Google Glass tested for emergency room use


Google Glass can help doctors diagnose poisonings presenting in intensive therapy units and could cut treatment costs, according to US researchers.

The team from University of Massachusetts (UMass) Medical School say the head-mounted, hands-free device can replace computers linked to toxicology databases that are generally fixed to a cart and rolled into the emergency room.

The device could also put toxicology specialists in direct contact with doctors dealing with poisonings, even if they are in remote setting such as rural hospitals, they suggest.

"Our work shows that the data transmitted by Google Glass can be used to supplement traditional telephone consults, validate bedside physical exams, and diagnose and manage patients," said Peter Chai, a toxicology specialist at UMass who led the study.

In the assessment, physicians wearing Google Glass evaluated the patients at bedside while a secure video feed was sent to a toxicology consultant. The consultant guided the doctors via text messages displayed on the device, and also obtained static photos of medication bottles, electrocardiograms and other pertinent information.

Consulting toxicologists reported being more confident in diagnosing poisonings using Google Glass than via traditional means such as telephone consultations and, tellingly, the study found that patient care was changed as a result of the device's use, with six patients given antidotes they would not otherwise have received.

While Google has delayed the roll-out of Google Glass as a consumer device, the latest study indicates that the technology is still being actively pursued for specialist applications.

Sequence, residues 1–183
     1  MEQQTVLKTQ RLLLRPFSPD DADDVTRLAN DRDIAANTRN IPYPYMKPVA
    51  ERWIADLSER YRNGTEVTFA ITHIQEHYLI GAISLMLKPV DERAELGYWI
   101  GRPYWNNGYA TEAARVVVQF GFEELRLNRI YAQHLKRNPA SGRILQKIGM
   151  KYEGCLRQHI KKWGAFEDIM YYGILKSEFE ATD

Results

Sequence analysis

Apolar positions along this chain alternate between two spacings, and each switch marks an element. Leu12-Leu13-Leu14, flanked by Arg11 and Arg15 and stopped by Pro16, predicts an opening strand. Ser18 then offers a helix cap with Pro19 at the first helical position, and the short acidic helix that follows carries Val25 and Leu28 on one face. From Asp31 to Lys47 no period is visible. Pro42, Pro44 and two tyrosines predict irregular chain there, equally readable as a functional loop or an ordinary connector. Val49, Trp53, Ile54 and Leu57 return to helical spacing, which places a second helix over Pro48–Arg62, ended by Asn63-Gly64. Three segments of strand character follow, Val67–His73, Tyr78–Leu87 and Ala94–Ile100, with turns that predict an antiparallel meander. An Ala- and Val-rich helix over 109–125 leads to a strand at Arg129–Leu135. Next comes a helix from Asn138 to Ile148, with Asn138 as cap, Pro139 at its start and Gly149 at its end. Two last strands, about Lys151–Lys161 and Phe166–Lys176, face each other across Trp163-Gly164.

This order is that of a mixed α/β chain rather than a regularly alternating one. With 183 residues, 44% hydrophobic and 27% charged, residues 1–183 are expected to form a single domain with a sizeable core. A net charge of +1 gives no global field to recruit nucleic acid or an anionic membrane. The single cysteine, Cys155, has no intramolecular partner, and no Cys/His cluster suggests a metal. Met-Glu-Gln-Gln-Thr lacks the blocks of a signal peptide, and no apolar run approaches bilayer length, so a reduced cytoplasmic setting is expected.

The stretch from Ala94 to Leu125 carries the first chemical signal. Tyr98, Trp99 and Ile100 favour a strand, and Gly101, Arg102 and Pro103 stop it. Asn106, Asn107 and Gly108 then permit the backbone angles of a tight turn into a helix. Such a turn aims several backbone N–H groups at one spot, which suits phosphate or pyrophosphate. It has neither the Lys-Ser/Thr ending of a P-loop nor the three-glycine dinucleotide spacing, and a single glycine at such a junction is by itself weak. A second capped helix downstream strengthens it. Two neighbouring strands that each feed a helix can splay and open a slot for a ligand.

Last month, the tech giant said it saw the future of the programme in the enterprise sector, listing healthcare among the areas most active in terms of applications development. It is due to launch Google Glass 2.0 later this year and will distribute it through its ten 'Glass at Work' partners, five of which are interested in healthcare uses.

Google becomes Alphabet

The new study was published in the Journal of Medical Technology shortly before it emerged that Google is being restructured with the creation of a new holding company, called Alphabet, which will give greater autonomy to its individual operation units.

These include its Life Sciences division, responsible for technology such as its glucose monitoring contact lenses and diagnostic nanoparticles, as well as drug development arm Calico.

Google founders Larry Page and Sergey Brin will become chief executive and president of Alphabet, respectively, while Page's deputy Sundar Pichai becomes CEO of Google, which will now operate as a subsidiary company.

In a blog post, Page said the move "allows us more management scale, as we can run things independently that aren't very related."

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